A massive explosion took place at the centre of the Milky Way just 300,000 years ago and it was big enough to be felt over 200,000 light-years away from it. According to the researchers, such a powerful explosion could be from Sagittarius A, the supermassive black hole at the centre of it. This is about 4.2 million times more massive than the Sun. It was revealed during the study conducted by a team of researchers led by Professor Joss Bland-Hawthorn from Australia’s ARC Centre of Excellence for All Sky Astrophysics in 3 Dimensions (ASTRO 3D). The study will be soon published in The Astrophysical Journal. The first evidence of the event was named BH2013 and as the name suggests, it was published in 2013.
Two enormous ‘ionization cones’ were created because of this phenomenon, known as a Seyfert flare. It was so strong that it impacted the Magellanic Stream which lied at an average 2 million lights years from the Milky Way. Professor Bland-Hawthorn, who is also at the University of Sydney, said that flare must have been like a lighthouse beam. Researchers used data collected by the Hubble Space Telescope to find the exact time when the explosion took place. The study found that it took place over three million years ago. This is astonishingly recent in Galactic terms but on earth, 63 million years had passed ever since the asteroid triggered the extinction of dinosaurs.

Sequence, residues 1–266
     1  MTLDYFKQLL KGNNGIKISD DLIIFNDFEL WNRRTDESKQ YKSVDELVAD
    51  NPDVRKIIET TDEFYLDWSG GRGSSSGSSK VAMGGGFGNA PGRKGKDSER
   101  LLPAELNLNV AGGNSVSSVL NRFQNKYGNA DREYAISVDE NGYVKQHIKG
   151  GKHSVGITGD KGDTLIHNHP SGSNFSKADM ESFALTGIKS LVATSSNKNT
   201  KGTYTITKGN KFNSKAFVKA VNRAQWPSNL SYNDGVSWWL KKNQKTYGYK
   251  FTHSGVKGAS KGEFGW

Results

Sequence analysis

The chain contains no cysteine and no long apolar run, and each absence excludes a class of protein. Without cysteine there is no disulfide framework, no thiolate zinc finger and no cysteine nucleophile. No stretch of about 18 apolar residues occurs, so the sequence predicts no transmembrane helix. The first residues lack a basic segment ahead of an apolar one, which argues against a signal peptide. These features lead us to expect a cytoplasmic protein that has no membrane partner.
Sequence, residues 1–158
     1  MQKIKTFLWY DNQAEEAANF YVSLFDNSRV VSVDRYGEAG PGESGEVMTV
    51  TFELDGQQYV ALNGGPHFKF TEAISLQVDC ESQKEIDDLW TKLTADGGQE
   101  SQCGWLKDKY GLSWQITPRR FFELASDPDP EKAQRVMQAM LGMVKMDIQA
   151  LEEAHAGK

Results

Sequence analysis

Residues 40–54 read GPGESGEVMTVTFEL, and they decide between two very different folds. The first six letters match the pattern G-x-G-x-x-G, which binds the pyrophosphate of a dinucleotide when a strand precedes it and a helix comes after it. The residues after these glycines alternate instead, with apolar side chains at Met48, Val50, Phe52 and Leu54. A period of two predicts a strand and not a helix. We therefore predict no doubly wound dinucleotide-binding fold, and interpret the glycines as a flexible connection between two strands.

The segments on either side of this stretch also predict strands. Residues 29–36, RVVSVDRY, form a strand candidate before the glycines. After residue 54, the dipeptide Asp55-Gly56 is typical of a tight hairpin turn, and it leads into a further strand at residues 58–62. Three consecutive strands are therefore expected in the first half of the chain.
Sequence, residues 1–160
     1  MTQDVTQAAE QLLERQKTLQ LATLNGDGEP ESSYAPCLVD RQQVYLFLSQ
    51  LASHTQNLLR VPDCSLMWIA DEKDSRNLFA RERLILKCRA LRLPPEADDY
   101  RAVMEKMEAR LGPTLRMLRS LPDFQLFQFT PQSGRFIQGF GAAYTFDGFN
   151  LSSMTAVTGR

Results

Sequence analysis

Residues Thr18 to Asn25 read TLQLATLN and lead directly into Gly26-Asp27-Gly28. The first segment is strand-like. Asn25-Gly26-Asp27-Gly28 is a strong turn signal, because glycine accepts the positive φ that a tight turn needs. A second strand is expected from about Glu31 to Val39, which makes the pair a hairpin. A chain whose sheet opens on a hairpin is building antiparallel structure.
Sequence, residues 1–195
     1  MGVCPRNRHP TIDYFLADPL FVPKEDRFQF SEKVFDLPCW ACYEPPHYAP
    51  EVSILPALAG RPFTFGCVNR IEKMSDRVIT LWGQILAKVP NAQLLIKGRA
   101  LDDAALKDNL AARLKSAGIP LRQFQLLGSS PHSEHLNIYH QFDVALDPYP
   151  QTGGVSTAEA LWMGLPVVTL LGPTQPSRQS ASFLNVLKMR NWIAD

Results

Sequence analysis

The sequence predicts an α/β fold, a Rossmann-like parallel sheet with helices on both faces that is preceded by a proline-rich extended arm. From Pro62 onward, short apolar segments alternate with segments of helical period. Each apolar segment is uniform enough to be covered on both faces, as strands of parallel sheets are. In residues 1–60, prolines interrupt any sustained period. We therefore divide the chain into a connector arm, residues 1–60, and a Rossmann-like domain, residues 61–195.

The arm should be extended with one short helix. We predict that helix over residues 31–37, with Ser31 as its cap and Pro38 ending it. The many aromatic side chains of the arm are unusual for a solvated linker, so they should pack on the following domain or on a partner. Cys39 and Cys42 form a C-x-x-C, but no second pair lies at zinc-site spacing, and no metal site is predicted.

The study also changed the way we used to think about the Milky Way. The massive blast of energy and radiation that came out of the galactic centre shows that Milky Way is a much more dynamic place than most of the researchers had previously thought, said astronomer Lisa Kewley of the ARC Centre of Excellence for All Sky Astrophysics in 3D and the Australian National University. Magda Guglielmo, co-author from the University of Sydney, said these discoveries open the possibility of a complete reinterpretation of our Galaxy and its evolution and nature.